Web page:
PEOPLE v. GEORGES III

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The PEOPLE, etc., respondent, v. John GEORGES III, appellant.

Decided: July 15, 2015

WILLIAM F. MASTRO, J.P., CHERYL E. CHAMBERS, JOSEPH J. MALTESE, and COLLEEN D. DUFFY, JJ. Carol Kahn, New York, N.Y., for appellant. William V. Grady, District Attorney, Poughkeepsie, N.Y. (Kirsten A. Rappleyea of counsel), for respondent.

Appeal by the defendant from a judgment of the County Court, Dutchess County (Greller, J.), rendered September 23, 2013, convicting him of use of a child in a sexual performance as a sexually motivated felony and possessing a sexual performance by a child, upon his plea of guilty, and imposing sentence.

ORDERED that the judgment is affirmed.

During the course of the plea colloquy, the court asked the prosecutor if the maximum allowable sentence was “five to fifteen,” and the prosecutor answered in the affirmative. The court advised the defendant that it would sentence him to a term of imprisonment of between five and eight years. At sentencing, on the top count of use of a child in a sexual performance as a sexually motivated felony, the court sentenced the defendant to a term of imprisonment of seven years.

Use of a child in a sexual performance as a sexually motivated felony is a class C nonviolent felony sex offense (see Penal Law §§ 130.91, 263.05), for which a determinate sentence of between 31/212 and 15 years of imprisonment may be imposed (see Penal Law § 70.80[4][a][ii] ). Even assuming, as the defendant contends, that the court misunderstood the extent of its sentencing discretion, the record establishes that no “possible harm” flowed from any such erroneous belief, because the court expressed no reservations about the fairness of the sentence to be imposed (People v. Barzge, 244 A.D.2d 213, 214; see People v. Young, 102 AD3d 1061; cf. People v. Charles, 67 AD3d 698, 699; People v. Rodriguez, 276 A.D.2d 368, 369; People v. Jimenez, 209 A.D.2d 719, 720). Indeed, knowing that it could impose a sentence of at least 5 years of imprisonment, the court still opted to impose an even greater sentence. Thus, there is no basis to believe, as the defendant contends, that the court would have imposed a term of 5 years of imprisonment had it known that the minimum term was 31/212 years.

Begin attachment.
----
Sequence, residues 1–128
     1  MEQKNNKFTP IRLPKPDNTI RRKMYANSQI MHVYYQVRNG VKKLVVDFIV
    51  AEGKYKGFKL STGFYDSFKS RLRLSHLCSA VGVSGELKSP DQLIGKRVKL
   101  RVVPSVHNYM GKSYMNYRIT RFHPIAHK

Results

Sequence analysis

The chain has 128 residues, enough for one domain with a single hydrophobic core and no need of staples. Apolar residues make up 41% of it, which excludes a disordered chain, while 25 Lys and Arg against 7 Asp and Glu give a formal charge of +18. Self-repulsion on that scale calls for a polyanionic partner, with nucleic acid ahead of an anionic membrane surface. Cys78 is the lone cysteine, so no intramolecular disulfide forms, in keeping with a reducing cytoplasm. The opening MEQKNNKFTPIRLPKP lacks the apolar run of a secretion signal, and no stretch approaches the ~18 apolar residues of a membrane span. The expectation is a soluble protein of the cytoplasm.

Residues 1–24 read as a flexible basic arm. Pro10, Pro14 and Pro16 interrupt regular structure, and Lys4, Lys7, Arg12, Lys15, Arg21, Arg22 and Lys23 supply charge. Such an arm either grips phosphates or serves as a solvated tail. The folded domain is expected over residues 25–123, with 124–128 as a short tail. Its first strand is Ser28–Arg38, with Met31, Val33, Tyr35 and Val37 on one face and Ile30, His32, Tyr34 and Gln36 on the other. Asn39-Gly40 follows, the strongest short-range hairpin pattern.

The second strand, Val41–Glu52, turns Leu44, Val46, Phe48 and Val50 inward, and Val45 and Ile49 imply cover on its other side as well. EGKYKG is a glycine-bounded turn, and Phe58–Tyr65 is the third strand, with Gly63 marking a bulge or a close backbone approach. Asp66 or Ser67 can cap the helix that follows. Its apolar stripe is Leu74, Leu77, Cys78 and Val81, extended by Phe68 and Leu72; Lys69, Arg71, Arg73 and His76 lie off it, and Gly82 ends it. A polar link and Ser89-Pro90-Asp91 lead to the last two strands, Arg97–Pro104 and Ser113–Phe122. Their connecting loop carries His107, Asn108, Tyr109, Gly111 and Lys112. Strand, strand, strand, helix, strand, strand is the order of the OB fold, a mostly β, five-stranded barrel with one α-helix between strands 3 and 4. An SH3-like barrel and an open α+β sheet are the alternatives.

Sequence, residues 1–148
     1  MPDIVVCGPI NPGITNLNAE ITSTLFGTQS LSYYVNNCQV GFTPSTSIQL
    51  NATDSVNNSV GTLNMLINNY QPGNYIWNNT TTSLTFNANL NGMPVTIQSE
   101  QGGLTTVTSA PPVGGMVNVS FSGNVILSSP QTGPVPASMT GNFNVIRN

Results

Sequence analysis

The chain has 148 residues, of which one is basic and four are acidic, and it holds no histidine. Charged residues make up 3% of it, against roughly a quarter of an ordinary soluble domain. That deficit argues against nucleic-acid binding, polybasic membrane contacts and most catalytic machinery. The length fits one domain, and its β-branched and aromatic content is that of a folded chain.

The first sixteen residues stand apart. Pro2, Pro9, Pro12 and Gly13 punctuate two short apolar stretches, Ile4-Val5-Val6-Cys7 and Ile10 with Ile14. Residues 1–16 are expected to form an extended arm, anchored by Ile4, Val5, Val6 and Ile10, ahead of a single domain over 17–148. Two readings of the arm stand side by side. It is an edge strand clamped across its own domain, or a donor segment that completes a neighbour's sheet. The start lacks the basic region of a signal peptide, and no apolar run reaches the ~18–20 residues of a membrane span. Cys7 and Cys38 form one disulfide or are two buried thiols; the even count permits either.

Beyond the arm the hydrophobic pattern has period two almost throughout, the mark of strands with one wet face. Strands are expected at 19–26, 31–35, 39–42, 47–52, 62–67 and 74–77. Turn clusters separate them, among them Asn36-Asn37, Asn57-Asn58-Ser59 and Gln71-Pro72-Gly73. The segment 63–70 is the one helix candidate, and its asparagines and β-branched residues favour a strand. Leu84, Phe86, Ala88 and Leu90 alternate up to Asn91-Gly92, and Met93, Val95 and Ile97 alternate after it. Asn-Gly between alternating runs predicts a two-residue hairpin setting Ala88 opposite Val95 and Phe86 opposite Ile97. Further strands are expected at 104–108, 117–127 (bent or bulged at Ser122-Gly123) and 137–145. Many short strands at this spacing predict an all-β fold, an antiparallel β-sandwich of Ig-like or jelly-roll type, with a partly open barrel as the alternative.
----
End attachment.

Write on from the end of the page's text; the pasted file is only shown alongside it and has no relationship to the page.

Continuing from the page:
The sentence imposed was not excessive (see People v. Suitte, 90 A.D.2d 80).

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